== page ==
Flake on ‘sharp and partisan’ Kavanaugh remarks: 'We can’t have this on the court'

Sen. Jeff FlakeJeffrey (Jeff) Lane FlakeHow fast population growth made Arizona a swing state Jeff Flake: Republicans 'should hold the same position' on SCOTUS vacancy as 2016 Republican former Michigan governor says he's voting for Biden MORE (R-Ariz.) on Tuesday expressed concerns over what he called Supreme Court nominee Brett Kavanaugh’s “sharp and partisan” exchanges with Democrats on the Senate Judiciary Committee at a hearing last week, saying "we can't have this on the court." 

“The initial defense that Judge Kavanaugh gave was something like I told my wife, I hoped that I would sound that indignant if I felt that I was unjustly maligned. But then it went on, and the interaction with the members was sharp and partisan and that concerns me,” Flake said at The Atlantic Festival.

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“I tell myself give a little leeway because of what he’s been through, but on the other hand, we can’t have this on the court,” he added.

The comments follow those Flake made on CBS’s “60 Minutes” this past weekend in which he said, “I think his interaction with some of the members was a little too sharp.”

The Senate Judiciary Committee gathered Thursday to hear testimonies from Kavanaugh and Christine Blasey Ford. Ford was the first of three women to publicly accuse Kavanaugh of sexual misconduct while he was in high school and college.

She claimed that Ford sexually assaulted her at a high school party in 1982.

Kavanaugh has denied all three women’s allegations.

Ford appeared first Thursday, offering a tearful testimony recounting the attack and said she was “100 percent” certain Kavanaugh was the one who assaulted her.

Kavanaugh then offered a fiery defense of himself, admitting to drinking beer in high school but never blacking out and sounding combative with multiple Democratic senators, including asking Sen. Amy KlobucharAmy KlobucharSocial media platforms put muscle into National Voter Registration Day Battle lines drawn on precedent in Supreme Court fight Sunday shows - Ruth Bader Ginsburg's death dominates MORE (D-Minn.) if she had ever blacked out from drinking after she asked him that same question. 

The committee voted along party lines 11-10 to pass Kavanaugh’s nomination on to a Senate-wide confirmation vote.

However, Flake then threatened to withhold his full Senate confirmation vote unless the FBI investigated the allegations against Kavanaugh. He was soon joined by Sens. Susan CollinsSusan Margaret CollinsClub for Growth to spend million in ads for Trump Supreme Court nominee Maryland's GOP governor says Republicans shouldn't rush SCOTUS vote before election The Hill's Morning Report - Sponsored by Facebook - GOP closes ranks to fill SCOTUS vacancy by November MORE (R-Maine), Lisa MurkowskiLisa Ann MurkowskiClub for Growth to spend million in ads for Trump Supreme Court nominee Pebble Mine CEO resigns over secretly recorded comments about government officials  Maryland's GOP governor says Republicans shouldn't rush SCOTUS vote before election MORE (R-Alaska), Joe ManchinJoseph (Joe) ManchinManchin defends Supreme Court candidate Barrett: 'It's awful to bring in religion' The Hill's Morning Report - Sponsored by Facebook - Trump, GOP allies prepare for SCOTUS nomination this week Trump meets with potential Supreme Court pick Amy Coney Barrett at White House MORE (D-W.Va.) and Heidi HeitkampMary (Heidi) Kathryn HeitkampHarris faces pivotal moment with Supreme Court battle Centrists, progressives rally around Harris pick for VP 70 former senators propose bipartisan caucus for incumbents MORE (D-N.D.).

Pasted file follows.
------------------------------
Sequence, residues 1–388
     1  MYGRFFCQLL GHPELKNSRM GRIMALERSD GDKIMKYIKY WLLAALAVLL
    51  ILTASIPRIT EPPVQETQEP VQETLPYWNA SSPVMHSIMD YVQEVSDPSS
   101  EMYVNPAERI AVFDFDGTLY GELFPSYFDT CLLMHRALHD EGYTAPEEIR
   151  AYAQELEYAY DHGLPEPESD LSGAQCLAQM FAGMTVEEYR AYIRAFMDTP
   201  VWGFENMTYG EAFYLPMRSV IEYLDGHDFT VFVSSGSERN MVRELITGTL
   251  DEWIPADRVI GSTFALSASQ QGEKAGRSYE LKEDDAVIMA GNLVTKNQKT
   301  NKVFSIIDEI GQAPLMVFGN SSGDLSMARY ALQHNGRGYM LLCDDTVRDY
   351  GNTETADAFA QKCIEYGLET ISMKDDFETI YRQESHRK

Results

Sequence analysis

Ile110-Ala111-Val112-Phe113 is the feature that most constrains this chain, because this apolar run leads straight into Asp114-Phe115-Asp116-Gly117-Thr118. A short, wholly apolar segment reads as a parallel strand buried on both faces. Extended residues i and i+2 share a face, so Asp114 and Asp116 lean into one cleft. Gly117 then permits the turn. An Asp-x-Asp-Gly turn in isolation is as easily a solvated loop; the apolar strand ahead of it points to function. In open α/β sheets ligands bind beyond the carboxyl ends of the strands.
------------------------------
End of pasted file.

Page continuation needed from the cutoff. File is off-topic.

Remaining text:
President TrumpDonald John TrumpBiden on Trump's refusal to commit to peaceful transfer of power: 'What country are we in?' Romney: 'Unthinkable and unacceptable' to not commit to peaceful transition of power Two Louisville police officers shot amid Breonna Taylor grand jury protests MORE requested the FBI reopen an inquiry into the claims against Kavanaugh. Trump has reportedly told the FBI to interview anyone it deemed necessary

Senate Majority Leader Mitch McConnellAddison (Mitch) Mitchell McConnellFEC flags McConnell campaign over suspected accounting errors Poll: 59 percent think president elected in November should name next Supreme Court justice Mark Kelly: Arizona Senate race winner should be sworn in 'promptly' MORE (R-Ky.) said the Senate will “be voting this week.”

Updated at 12:36 p.m.